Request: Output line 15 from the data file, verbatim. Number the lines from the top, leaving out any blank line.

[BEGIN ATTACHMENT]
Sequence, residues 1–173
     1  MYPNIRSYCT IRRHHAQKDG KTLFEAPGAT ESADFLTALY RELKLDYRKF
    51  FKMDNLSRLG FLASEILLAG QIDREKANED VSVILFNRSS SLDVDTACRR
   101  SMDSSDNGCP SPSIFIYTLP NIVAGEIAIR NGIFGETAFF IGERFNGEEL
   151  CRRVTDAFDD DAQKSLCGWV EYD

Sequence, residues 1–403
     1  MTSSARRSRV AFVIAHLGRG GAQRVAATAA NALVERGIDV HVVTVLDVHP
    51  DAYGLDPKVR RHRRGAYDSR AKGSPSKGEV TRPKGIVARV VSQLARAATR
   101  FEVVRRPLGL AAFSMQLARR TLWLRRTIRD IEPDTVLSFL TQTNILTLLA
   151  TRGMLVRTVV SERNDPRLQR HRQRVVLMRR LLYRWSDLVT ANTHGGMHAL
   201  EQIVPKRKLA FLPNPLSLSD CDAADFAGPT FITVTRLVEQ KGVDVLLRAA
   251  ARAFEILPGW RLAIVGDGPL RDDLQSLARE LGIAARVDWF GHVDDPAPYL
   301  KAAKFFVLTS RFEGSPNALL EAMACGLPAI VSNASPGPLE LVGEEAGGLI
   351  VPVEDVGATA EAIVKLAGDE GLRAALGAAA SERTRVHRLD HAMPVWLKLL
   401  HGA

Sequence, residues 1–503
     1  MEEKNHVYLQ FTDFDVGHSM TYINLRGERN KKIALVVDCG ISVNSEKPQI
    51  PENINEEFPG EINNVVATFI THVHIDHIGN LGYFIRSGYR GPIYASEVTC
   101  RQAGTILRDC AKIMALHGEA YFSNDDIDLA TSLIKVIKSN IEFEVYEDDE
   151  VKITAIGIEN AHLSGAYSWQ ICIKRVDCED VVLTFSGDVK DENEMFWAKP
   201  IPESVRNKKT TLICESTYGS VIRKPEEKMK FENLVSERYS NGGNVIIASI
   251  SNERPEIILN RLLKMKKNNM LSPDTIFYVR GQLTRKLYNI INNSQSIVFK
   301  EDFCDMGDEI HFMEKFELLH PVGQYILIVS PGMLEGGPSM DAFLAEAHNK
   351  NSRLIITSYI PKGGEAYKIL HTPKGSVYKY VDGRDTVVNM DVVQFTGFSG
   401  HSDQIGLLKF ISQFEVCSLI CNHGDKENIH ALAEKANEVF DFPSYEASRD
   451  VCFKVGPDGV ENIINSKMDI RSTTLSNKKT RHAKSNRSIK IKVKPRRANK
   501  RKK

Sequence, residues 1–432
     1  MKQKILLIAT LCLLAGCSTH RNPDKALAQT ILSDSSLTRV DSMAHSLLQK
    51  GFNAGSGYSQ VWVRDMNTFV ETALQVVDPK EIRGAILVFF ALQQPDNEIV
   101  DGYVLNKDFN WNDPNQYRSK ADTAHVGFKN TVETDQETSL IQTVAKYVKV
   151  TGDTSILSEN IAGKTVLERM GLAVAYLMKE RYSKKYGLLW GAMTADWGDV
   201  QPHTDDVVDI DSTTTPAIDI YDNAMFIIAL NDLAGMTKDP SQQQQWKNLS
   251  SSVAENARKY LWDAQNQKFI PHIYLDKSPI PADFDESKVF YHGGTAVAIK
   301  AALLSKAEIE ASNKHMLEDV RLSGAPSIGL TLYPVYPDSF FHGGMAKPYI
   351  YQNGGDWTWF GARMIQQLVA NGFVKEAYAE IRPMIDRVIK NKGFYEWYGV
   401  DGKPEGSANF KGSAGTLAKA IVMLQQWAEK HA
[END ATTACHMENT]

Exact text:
   401  HGA